I also question how I will build relationships with young women of color, queer youth, and femmes who may have distrust for men due to past harm. To work with this, I will have to seek out trusted adults who can help facilitate these connections and also be attuned to how I can help make the youth I’m working with feel most comfortable and safe.

Picture of two young people taken at the intersection of Chicago Ave. and Lake St. at an empty lot where a building burned down in 2008. The space is now being used for creative gatherings. Photo by Abe Levine.


In this process, I have to refine what I want to ask of these youth and what they have to ask using the tools of social journalism also known as engagement or solutions journalism. For now, I am focused on building relationships and asking broadly what has worked for them in education and what needs to be changed. I am anticipating that more direction will emerge, especially as I use approaches such as participatory action research, which strives to empower young people with the tools and guidance to ask their own questions regarding dilemmas they experience or simple curiosities they have about their neighborhoods, identities, society, etc.

I do know that I love people and vibe very often with young people, in part because I’m somewhat comfortable being my whole self. I grew up an anxious, quirky, and emotional kid that would put his fears and oddity out there. I think youth can tell that I’m approaching them with tenderness and authenticity. And after reading fellow CUNY J-school student, Tori Hoffman’s piece on thinking through definitions masculinity, I’m reminded that this effort to build relationships requires showing up time and again.

Not Subjects, But Authors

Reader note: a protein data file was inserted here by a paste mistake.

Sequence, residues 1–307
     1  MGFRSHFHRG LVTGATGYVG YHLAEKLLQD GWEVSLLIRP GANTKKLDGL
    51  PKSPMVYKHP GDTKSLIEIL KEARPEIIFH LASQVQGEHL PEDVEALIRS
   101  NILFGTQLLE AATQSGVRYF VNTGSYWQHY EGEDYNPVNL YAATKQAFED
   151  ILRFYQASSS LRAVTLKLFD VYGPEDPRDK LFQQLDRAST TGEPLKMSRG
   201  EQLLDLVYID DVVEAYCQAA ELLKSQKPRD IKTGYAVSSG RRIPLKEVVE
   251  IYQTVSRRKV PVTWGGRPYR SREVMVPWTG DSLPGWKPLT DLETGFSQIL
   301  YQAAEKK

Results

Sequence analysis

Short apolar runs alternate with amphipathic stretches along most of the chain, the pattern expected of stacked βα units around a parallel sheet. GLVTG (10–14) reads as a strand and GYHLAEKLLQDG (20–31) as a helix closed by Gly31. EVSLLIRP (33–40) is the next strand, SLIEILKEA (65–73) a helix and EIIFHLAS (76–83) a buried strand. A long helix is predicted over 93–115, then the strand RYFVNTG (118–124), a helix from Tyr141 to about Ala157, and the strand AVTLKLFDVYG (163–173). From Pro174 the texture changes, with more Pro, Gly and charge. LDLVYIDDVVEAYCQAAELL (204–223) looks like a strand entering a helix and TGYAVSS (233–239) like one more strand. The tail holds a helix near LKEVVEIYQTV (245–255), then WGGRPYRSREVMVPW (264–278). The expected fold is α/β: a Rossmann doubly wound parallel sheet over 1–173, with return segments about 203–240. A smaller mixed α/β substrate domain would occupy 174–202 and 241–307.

I want to bring together experiences I have with education, relationship building, and writing to create spaces for young people to tell their stories, ask questions about the overarching systems that surround them, and for the broader public to be better informed about where the children are when not visible. What options exist for transformative or healing justice? How can young people fulfill an innate curiosity to learn and grow, even when that has been taken away?

In reading an introduction to a qualitative research by Lisbeth A. Berbary of the University of Waterloo, I’m thinking of different methodological frameworks and approaches I can bring to this task. They include participatory action research, feminist action research, and narrative inquiry among others. These methods critique the binary and power relations between researcher and subject or in my case, journalist and protagonist, while also culling up the innate capacity of young people to ask and find answers to their own questions. Stay tuned and stay open.



Abē he holds a masters degree in journalism @newmarkjschool. Topics of interest include food, environmental and racial justice, and being more human.

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Abē Ross Levine

Abē he holds a masters degree in journalism @newmarkjschool. Topics of interest include food, environmental and racial justice, and being more human.